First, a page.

It should come as no surprise that a driver who has spent a career flying under the radar in the NASCAR Sprint Cup Series is at his best while the sport churns in a chaotic whirlwind of controversy.
Welcome to winning, Matt Kenseth-style.
As fallout from a Richmond rumpus continues to rain down on the sport, Kenseth just keeps on winning — while staying well above the fray.
The first-year Joe Gibbs Racing driver won Chase race No. 2 on Sunday in the Sylvania 300 at New Hampshire Motor Speedway, his second straight victory in as many playoff events. He did so in his milestone 500th Cup start — a feat the 41-year-old summed up in his classic deadpan manner, saying, “All this really means is that I’m old.”
If experience equates to success, then the 13-driver Chase field should be on high alert. Further, Kenseth’s wildly successful maiden voyage in JGR’s Toyotas — the victory in Loudon was his career-best seventh of the season — should have the competition downright nervous. After all, he already holds a full race-worth of a points lead over one-third of the competition. Not that Kenseth is preoccupied with such stats.
“My outlook or approach is really not any different, honestly,” Kenseth said of his hot start to the 10-race playoff. “I know it’s kind of cliché, but it really is one week at a time, especially right now. If you get down toward the end (of the Chase) and you’re lucky enough to have a lead or something, maybe you start looking at that more.”
His tempered approach is predicated on a points format that awards consistency; where poor finishes are more damaging than sterling finishes rewarded.
“Two whole months of racing is a lot of racing, and in this system one bad finish and you’re behind, said Kenseth.”
When examining the upcoming slate of races, though, poor finishes aren’t the first thing that come to mind for Kenseth. He has two wins at Dover, the next stop on tour; he’s won the last two visits to Kansas; was a 2011 winner at Charlotte and is the defending race-winner at Talladega.
“Again, anything can happen anywhere,” said Kenseth, downplaying the advantageous schedule. “You can be at your best track and have whatever happen and get a bad finish. But certainly (I) have a lot of confidence in the next three tracks coming up.”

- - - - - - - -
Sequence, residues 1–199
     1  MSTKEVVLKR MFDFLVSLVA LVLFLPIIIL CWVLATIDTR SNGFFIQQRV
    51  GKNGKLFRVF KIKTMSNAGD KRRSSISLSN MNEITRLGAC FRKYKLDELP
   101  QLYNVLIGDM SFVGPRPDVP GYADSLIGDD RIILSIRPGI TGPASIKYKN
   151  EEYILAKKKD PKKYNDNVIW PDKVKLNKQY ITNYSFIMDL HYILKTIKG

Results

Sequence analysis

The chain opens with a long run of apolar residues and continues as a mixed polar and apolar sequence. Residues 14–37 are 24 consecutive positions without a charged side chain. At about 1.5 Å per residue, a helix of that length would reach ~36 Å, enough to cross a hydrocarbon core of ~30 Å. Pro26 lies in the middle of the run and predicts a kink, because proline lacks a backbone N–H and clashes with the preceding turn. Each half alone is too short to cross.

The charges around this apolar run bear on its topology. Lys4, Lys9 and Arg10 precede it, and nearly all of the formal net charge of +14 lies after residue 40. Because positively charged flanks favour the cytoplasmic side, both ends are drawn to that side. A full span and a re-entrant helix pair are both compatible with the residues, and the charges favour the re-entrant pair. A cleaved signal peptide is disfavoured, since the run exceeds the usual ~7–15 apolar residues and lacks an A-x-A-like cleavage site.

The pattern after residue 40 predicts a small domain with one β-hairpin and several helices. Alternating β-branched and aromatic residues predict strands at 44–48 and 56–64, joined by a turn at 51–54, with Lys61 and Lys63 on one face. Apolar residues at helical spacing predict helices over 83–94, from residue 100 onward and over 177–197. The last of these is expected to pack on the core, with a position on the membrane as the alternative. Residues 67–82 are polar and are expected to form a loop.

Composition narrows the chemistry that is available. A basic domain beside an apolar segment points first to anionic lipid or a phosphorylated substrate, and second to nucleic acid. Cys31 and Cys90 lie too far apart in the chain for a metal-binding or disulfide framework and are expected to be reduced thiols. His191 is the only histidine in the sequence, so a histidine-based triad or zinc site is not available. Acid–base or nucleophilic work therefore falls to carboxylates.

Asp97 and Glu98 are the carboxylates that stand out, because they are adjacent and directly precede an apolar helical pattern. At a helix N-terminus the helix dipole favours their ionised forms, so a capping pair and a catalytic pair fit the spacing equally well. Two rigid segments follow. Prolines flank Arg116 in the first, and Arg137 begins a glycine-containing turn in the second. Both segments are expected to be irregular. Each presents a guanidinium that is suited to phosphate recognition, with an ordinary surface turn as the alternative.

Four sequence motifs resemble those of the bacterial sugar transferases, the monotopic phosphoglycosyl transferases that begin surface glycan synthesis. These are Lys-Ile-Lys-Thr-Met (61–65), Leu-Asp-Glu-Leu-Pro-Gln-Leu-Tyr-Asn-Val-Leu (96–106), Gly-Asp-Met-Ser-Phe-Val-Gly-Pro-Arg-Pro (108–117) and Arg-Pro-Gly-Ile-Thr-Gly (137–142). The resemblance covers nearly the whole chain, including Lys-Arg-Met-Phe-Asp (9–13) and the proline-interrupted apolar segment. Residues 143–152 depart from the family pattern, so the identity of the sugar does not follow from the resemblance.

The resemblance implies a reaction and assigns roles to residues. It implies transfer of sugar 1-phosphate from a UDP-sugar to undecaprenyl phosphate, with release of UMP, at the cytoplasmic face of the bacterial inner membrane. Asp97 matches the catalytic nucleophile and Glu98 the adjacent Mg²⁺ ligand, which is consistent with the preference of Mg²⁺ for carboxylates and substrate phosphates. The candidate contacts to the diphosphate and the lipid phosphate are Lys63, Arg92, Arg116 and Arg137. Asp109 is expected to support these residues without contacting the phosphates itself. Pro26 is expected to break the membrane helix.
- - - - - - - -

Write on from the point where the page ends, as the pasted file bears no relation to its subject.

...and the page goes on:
The first speedbump — Talladega’s crapshoot aside — comes fives weeks down the road, when the sport hits the half-mile Martinsville Speedway. It’s a venue where Kenseth has yet to record a win and has only three top-5 showings in 27 starts. Even then, he doesn’t seem overly concerned, saying, “I’m actually pretty confident going to Martinsville.”
And why not? Four of Kenseth’s 2013 wins have come at racetracks — Chicagoland, Darlington, Kentucky and now New Hampshire — where he’d failed to post a win previously. So what’s different this season than in year’s past?
“I think a lot of this sport is about combinations,” Kenseth explained. “When you think of Jimmie (Johnson) and Chad (Knaus), Ray Evernham and Jeff Gordon, there wasn’t anybody that could beat them. It has to start with the organization that has the fast cars and have all that stuff — but you’ve got to have the right group (of people), and I’m really fortunate right now to have the right group.”
Included in that “group” — though relatively distanced — has been Kenseth’s chief Chase challenger, teammate Kyle Busch, who finished second the last two weeks to the No. 20 car. And that’s kept Kenseth honest.
“Matt is just executing at the end of the (race), which is what you’re supposed to do,” Busch said.
“I won eight of the first 26 (in 2008) and then fell flat on my face (in the Chase). Matt is doing a really good job — he’s put it all together.”
So while the questionable events that transpired in Richmond’s transfer race continue to demand a white-hot spotlight within the sport, the pre-Chase favorites of Kenseth, Busch and the sleeping giant of Johnson methodically rack up top-flight finishes.
That fact isn’t lost on the current points-leader:
“When you look at what the 48 (Johnson) can do and the 18 (Busch) — and they’re going to be good everywhere — you’d better be good everywhere if you’re thinking that you’re going to be a contender.”
There are still eight long weeks remaining in NASCAR’s 2013 championship chase, but as is typically the case, those contenders have already put the field on notice.
Follow Matt Taliaferro on Twitter:@MattTaliaferro